We see a slightly softer image on the AE900 than on the AE700. There is no detectable change in pixel structure when examined close up. This is a subtle effect, and would not be noticed except by direct side by side viewing, and then only if you were looking for it. Standing on its own, the AE900 delivers a smooth, filmlike image. Yet we were puzzled by the subtle softness, and were left wishing it were a bit sharper.
Like its predecessor, the AE900 is designed with one primary customer in mind: the person who wants to put the projector on the rear wall. Though it can be ceiling mounted, the projector is designed to make it as easy as possible for the first time home theater user to set it up in a bookcase on a rear wall, and project to a screen on the opposite wall, and to make only modest use of the lens shift. The advantages of mounting the projector on a rear shelf are these:
* Eliminates the $200 cost of a ceiling mount.
All things considered, placing the projector on a rear shelf or bookcase is the easiest and best way to set it up, especially if you are doing it yourself. This design was a key to the AE700's success this past year, and it is duplicated in the AE900.
Part of the excitement of front projection home theater is the grand scale image you can achieve at such nominal cost. The AE900 has a street price of about $2,300 at the moment. Yet it can deliver a high quality image of up to 120" diagonal, and even larger depending on how much you want to forego image quality for image size. However, due to the extreme zoom range, it is easy to get a smaller image, such as 70" diagonal, from a workable throw distance as well. When reduced to this size, the AE900 delivers a very bright, high contrast, deeply saturated image that rivals any big screen TV or plasma. So for those who don't really want to go with the huge screen in the home, the AE900 can be a much less expensive alternative to a large plasma TV. It delivers all the space saving features of large scale flatscreen TVs at a fraction of the cost.
We would recommend a viewing distance of 1.5 to 1.8 times the horizontal screen width. Though there is no screendoor effect and pixelation is minimized, sitting closer than 1.5x the screen width will make compression artifacts and the digital structure of the image more visible. The eye will resolve the image to a more coherent film-like whole when viewed at a distance of about 1.5 times the screen width.
Deinterlacing/scaling. Deinterlacing and scaling is accomplished with proprietary Panasonic video processing electronics. Deinterlacing of standard definition component video is good, and 3:2 pulldown compensation excellent. As with the AE700, picture stability was rock solid when using interlaced input from the DVD player. Results may vary based upon the DVD player you use, so try it both ways and go with the set up that looks the best to you.
One of the strengths of the AE900 is its HDTV performance. The 1280x720 panels are made to display HDTV 720p in native format. When feeding the unit a 720p signal, the AE900 produces a brilliant, richly saturated image. Those who are going for the best possible NFL football display will be pleased with what the AE900 can do with football broadcasts coming in on 720p HD signals. Furthermore, HDTV 1080i is remarkably tight on the AE900--the signal was compressed so cleanly into the 720p matrix that it was difficult to tell whether 720p or 1080i was in use.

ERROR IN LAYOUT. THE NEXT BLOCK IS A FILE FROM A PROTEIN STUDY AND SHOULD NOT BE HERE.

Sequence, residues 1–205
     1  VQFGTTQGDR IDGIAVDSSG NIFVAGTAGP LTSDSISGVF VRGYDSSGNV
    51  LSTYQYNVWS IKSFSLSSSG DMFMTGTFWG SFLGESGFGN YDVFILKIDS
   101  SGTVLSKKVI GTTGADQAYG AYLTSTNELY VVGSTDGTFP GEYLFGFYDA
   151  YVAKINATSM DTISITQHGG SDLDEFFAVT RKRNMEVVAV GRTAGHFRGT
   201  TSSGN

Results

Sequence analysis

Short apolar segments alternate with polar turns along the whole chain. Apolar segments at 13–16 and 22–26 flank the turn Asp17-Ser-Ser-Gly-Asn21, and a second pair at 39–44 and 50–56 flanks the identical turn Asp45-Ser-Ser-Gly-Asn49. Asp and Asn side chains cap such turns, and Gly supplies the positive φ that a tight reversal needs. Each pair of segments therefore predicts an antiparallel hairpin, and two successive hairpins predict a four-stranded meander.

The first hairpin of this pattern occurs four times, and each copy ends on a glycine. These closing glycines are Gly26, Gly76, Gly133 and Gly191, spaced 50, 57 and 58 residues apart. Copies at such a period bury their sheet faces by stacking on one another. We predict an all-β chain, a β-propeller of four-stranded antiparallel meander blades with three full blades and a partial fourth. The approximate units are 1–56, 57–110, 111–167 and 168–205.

Vertical banding. We saw a total of three AE900s during the course of our review, and none of them manifested any hint of vertical banding. However, that does not mean that every AE900 to be built will be similarly free of it. Quality controls have been tightened significantly by all makers of LCD projectors, and VB is less of a risk than it was before. But on occasion some units may slip through. Make sure to buy from a dealer who has consumer-friendly return policies and a commitment to customer satisfaction.
Screen compatibility. The AE900 can be used with good results with either a white or high-contrast gray screen. The choice of screen fabric has more to do with the room than the projector. If your room is a dedicated theater room that you can outfit with dark walls, carpets, ceilings, and so forth (like a commercial theater), then a white screen may be the best choice. If, on the other hand, you are setting up in a living room with white ceiling, light drapes and carpets, etc., then the high contrast gray screen will be the better choice since it will absorb reflected light and give you better black level performance.
The Panasonic AE900 is an impressive step beyond last year's AE700. It is a particularly strong solution for users who place a premium on color accuracy. Panasonic has invested a great deal of time and energy into developing projectors that deliver precisely correct color as the film director intended it to be seen, and the results are obvious.
With the latest increase in contrast and color saturation, the AE900 represents a significant challenge to competing home theater projectors using the 720p DLP chips. It will be difficult for the more expensive DLP-based products to maintain their current price levels in the face of stiff competition from products like this one. Anyone who is considering a single-chip 720p DLP projector owes it to himself or herself to audition the Panasonic AE900. You will find that the AE900 shines in color accuracy, color saturation, and a smooth, filmlike image that is totally lacking in pixelation. DLP products will certainly hold their own in contrast and black levels, but the overall differences between LCD and DLP are simply not what they used to be. And at street prices in the low $2,000's, there are a lot of reasons for consumers to be giving the Panasonic AE900 a hard look.